NU Online News Service, March 5, 10:15 a.m. – U.S. mutual fund companies and their producers may have to work overtime to persuade the typical investor to pay for a guarantee of principal.
Despite two years of stock market volatility, American fund experts are still skeptical about the guarantee concept, even for the most cautious investors.
“If you’re that risk-averse, you probably shouldn’t be in an equity fund,” says Brian Portnoy, a fund analyst in Morningstar Inc.’s Chicago office.
“Guaranteed” mutual funds and “principal-protected” funds are popular outside the United States, in countries where older investors have vivid memories of financial and political turmoil.
In Hong Kong, for example, guaranteed funds accounted for about 44% of new mutual fund sales during the first 10 months of 2001, according to a January report carried by the Dow Jones Newswire.
DWS Investment S.A., Luxembourg, an affiliate of Deutsche Bank, has estimated that guaranteed funds account for about 20% of its mutual fund assets.
When Morningstar polled executives at 43 large European fund companies in late 2001, it found that five executives expected guaranteed funds to attract more money than any other type of fund over the next 12 months.
In the United States, insurers make investment guarantees a key selling point for variable annuity contracts, but fund companies have been trying to sell guaranteed mutual funds outside VA wrappers for years without getting much attention.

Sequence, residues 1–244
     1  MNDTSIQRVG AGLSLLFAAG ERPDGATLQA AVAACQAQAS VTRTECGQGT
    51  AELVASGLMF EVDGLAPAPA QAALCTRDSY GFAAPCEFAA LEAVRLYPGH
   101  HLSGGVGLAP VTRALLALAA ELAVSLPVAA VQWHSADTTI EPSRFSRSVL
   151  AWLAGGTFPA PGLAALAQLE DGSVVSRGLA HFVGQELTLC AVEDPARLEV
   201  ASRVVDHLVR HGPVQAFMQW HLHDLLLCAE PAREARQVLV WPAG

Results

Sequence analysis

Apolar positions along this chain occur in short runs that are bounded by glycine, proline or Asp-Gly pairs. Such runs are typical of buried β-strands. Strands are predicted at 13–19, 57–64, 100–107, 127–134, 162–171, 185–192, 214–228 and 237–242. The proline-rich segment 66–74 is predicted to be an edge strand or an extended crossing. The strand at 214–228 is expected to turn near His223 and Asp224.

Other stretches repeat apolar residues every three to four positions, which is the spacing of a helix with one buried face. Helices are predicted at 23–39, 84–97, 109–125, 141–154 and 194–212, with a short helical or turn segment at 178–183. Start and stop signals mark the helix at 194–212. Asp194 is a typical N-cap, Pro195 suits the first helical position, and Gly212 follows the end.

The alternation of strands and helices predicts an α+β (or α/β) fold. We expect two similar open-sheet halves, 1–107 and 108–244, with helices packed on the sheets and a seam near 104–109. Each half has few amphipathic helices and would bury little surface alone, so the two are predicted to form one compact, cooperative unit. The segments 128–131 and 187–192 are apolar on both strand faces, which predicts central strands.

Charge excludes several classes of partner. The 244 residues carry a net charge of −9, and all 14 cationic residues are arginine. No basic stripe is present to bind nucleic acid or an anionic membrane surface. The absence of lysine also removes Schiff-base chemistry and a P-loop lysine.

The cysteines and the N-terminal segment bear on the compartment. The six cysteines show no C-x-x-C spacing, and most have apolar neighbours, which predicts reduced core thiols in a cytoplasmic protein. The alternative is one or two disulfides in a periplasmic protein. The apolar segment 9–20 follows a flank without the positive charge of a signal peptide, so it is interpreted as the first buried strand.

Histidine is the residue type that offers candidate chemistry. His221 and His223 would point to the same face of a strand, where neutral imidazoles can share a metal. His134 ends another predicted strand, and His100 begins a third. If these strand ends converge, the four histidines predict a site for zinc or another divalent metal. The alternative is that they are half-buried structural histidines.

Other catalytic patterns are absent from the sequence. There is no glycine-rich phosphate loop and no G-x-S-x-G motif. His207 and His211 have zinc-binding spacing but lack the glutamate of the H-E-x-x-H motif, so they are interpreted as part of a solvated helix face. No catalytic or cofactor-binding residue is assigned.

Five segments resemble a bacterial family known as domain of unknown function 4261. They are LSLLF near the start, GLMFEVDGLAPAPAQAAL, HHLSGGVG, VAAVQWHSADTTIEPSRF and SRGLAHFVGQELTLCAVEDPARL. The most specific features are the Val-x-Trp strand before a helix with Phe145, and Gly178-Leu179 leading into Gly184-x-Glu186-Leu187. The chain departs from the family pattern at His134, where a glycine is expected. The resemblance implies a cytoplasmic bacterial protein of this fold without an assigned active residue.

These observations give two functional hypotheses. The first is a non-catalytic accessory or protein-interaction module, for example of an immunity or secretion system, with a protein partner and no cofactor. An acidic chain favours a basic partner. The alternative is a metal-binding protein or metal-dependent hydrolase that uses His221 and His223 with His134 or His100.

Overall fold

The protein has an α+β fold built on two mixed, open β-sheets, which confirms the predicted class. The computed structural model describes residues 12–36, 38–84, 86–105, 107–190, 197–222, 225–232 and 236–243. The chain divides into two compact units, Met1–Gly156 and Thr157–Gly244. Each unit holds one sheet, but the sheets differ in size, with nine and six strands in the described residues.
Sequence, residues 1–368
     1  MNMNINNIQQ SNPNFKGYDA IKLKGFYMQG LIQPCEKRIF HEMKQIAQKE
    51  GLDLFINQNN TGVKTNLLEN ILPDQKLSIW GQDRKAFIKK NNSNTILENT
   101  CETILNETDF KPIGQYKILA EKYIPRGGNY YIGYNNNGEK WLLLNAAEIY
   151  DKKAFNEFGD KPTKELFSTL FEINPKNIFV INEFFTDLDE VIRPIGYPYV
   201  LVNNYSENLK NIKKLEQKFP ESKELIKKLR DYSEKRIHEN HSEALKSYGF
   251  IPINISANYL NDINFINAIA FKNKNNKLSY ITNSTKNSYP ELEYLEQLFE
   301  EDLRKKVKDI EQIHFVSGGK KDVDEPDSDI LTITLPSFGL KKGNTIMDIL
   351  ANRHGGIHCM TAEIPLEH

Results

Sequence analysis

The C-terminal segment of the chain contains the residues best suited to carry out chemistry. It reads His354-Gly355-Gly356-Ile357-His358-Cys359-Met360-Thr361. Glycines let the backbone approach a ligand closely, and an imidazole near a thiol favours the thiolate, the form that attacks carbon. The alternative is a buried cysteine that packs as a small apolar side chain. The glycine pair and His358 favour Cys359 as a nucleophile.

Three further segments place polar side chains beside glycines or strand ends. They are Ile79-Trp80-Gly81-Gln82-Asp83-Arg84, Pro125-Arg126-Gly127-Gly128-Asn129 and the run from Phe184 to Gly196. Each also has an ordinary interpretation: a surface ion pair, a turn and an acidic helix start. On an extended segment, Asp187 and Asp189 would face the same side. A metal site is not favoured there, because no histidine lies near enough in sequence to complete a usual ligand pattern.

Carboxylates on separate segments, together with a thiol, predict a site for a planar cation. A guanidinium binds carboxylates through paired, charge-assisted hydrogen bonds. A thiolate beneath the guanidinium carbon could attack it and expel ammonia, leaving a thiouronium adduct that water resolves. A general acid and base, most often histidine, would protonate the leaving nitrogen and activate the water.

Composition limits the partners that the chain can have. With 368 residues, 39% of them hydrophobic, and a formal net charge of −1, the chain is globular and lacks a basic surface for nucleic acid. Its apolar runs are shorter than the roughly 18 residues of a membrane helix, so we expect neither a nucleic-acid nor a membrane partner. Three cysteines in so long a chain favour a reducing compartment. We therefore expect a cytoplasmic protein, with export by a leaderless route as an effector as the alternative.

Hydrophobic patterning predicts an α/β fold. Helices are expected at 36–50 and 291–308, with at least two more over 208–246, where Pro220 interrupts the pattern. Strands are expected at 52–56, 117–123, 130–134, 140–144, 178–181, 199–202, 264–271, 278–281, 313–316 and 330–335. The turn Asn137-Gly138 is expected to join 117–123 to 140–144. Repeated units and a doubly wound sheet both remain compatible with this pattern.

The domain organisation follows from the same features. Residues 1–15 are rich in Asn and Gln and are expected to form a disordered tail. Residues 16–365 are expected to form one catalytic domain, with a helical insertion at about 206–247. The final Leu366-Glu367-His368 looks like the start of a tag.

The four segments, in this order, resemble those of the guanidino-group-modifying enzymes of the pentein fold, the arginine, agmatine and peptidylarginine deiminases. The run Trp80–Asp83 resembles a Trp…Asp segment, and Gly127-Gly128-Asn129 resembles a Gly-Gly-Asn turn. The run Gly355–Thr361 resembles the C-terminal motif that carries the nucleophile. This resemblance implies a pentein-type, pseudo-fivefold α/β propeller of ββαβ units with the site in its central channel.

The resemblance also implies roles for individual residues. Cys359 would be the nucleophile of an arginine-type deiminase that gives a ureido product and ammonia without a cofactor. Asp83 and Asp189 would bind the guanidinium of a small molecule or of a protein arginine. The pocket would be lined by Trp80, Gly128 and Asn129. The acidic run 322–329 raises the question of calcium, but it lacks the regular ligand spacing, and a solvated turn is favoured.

The U.S. fund arm of ING Groep N.V., Amsterdam, began trying to change that record a year ago, when it introduced the ING Principal Protection Funds series.
Each fund in the series opens to investors for an offering period that lasts a few weeks. Shortly after the offering period ends, a five-year guarantee period begins. ING guarantees a return of the initial principal, minus sales charges and fund expenses, for investors who keep all assets and all distributions in the fund for the full five-year guarantee period.
The first two funds in the series have attracted $1.3 billion in assets, ING says.
The offering period for the third fund ends May 30.
ING appears to have set expense ratios high enough that it and the insurance company backing the guarantees, a unit of MBIA Inc., Armonk, N.Y., should have an easy time making good on the guarantees, even if the market does horribly, Portnoy says.
But “it’s more or less a sucker’s bet,” Portnoy says. “I don’t think you’re going to find any five-year period when the S&P 500′s gone down.”
An investor would probably be better off putting money in an index fund with a low expense ratio, Portnoy argues.